I did not plan on posting anything else on this issue, but here I am reacting to a post on the Variety website just a few minutes ago featuring a Letter to the Academy of Motion Pictures written by Stephen Furst protesting the recent changes the Academy wants to make regarding racial diversity.
Stephen Furst has been an actor since he was one of the stars in the classic comedy, “Animal House.” Over the years he not only continued to act (“Babylon 5”) but he was an active producer and director of Network TV and Theatrical projects.
I wanted to re-post Stephen’s letter because I know Stephen… and consider him a friend.
He and I have worked on projects in the past and I have always found him to be very smart and wise in industry-related issues. I believe his letter to be a sincere and thoughtful response to what the Academy is doing in responseto being in the spotlight on an issue I believe is not just an AA problem, but actually an entertainment industry wide problem.
Dear Ms. Boone, Ms. Munoz, and Board of Governors,
In less than a week after (according to Associated Press) “a handful of actors” decided that they were going to boycott The Oscars, the Academy Board of Governors has concluded that I am racist, not to mention, irrelevant. In fact, I am very far from either. Whether I am an active member of the Academy is secondary to me at this point, considering the insulting and unfounded generalities the Academy has made about the character and judgment of older Academy members.
Like many other members I know, I was saddened, as well as offended, to learn the Academy Board of Governors has chosen to scapegoat the older members of the Academy in order to deflect the criticism about the lack of diversity this year in the nominees for Academy Awards. I know that there has been much public conversation about why the nominees this year do not include any minorities, with the focus being on the membership having so many old, white, male members. The Academy has therefore bowed to this explanation, in a most disturbing manner, although there is no evidence that old, white, male Academy members are racist, do not appreciate the art of minorities, or refuse to vote for minorities’ work.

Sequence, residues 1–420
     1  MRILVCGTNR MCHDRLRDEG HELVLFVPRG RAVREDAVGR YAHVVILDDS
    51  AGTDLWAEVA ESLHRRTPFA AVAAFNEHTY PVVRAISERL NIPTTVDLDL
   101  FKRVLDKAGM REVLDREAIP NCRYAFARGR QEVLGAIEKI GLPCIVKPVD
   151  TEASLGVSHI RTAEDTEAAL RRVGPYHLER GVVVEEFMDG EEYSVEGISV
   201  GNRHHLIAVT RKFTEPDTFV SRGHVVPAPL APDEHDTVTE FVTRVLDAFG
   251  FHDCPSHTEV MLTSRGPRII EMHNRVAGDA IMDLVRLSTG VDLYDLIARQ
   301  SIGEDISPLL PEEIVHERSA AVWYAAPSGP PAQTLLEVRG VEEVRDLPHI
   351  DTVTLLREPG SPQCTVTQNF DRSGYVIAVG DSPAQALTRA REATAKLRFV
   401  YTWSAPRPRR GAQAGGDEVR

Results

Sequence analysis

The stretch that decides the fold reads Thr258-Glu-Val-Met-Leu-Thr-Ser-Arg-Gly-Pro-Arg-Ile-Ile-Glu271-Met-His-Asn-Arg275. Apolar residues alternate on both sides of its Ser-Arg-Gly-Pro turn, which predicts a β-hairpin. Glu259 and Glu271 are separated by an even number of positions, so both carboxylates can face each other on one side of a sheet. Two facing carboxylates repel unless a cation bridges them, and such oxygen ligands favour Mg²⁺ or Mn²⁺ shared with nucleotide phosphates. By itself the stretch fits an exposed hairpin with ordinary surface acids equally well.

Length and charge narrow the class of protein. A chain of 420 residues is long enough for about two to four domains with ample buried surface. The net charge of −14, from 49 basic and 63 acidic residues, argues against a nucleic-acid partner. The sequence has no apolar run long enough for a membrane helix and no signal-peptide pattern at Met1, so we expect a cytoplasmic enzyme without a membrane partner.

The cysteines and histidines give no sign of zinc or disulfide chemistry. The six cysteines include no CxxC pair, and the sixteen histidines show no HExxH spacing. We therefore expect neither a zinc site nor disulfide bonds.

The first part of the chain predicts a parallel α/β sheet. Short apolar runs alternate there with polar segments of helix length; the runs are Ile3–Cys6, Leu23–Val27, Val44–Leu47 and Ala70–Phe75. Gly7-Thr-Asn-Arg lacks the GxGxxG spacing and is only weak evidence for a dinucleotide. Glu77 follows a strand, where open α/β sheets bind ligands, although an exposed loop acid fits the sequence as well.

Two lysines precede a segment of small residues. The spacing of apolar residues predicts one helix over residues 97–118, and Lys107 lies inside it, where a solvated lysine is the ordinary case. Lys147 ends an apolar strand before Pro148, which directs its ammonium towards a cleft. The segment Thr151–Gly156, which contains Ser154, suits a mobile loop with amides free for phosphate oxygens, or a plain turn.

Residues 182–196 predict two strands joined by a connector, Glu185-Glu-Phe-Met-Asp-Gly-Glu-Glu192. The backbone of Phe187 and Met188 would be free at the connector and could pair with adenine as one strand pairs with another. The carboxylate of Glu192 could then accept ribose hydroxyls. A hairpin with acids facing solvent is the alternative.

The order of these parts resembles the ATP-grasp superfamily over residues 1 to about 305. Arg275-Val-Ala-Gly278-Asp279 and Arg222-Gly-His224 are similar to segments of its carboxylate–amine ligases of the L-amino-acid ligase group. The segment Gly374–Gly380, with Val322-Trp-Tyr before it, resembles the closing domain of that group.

Diversity in film is important, and having that diversity represented in Oscar nominees is important, but those goals aren’t achieved by disparaging the wonderful filmmakers of all races and ethnicities who have made lasting impressions and opened minds and hearts across the world through the art of film.
The Academy can’t fight issues with diversity by engaging in ageism and sexism.
But it promotes fairness — and diversity — by ensuring members see the films before voting.
Your open letter states that “‘The Academy is going to lead and not wait for the industry to catch up.’” Apparently, the Board of Governors believes kicking aside the older voters is some sort of a solution to a lack of diversity in the industry. But of course it isn’t. And, with that statement, the Academy evidently fails to recognize that the film industry isn’t particularly kind to older industry people, period, any more than it is to minority ones. By eliminating older members from your voting rolls, you are hardly leading the way. You are simply imitating the worst aspects of the industry, adding insult to injury. And, as far as that sexism goes: Many successful actresses have a hard time getting work in the business when they hit their 30s or 40s and they may choose to take a break from film to be with their families. Whether they quit the business, work in television or, like Meryl Streep, work less for awhile, they are still relevant.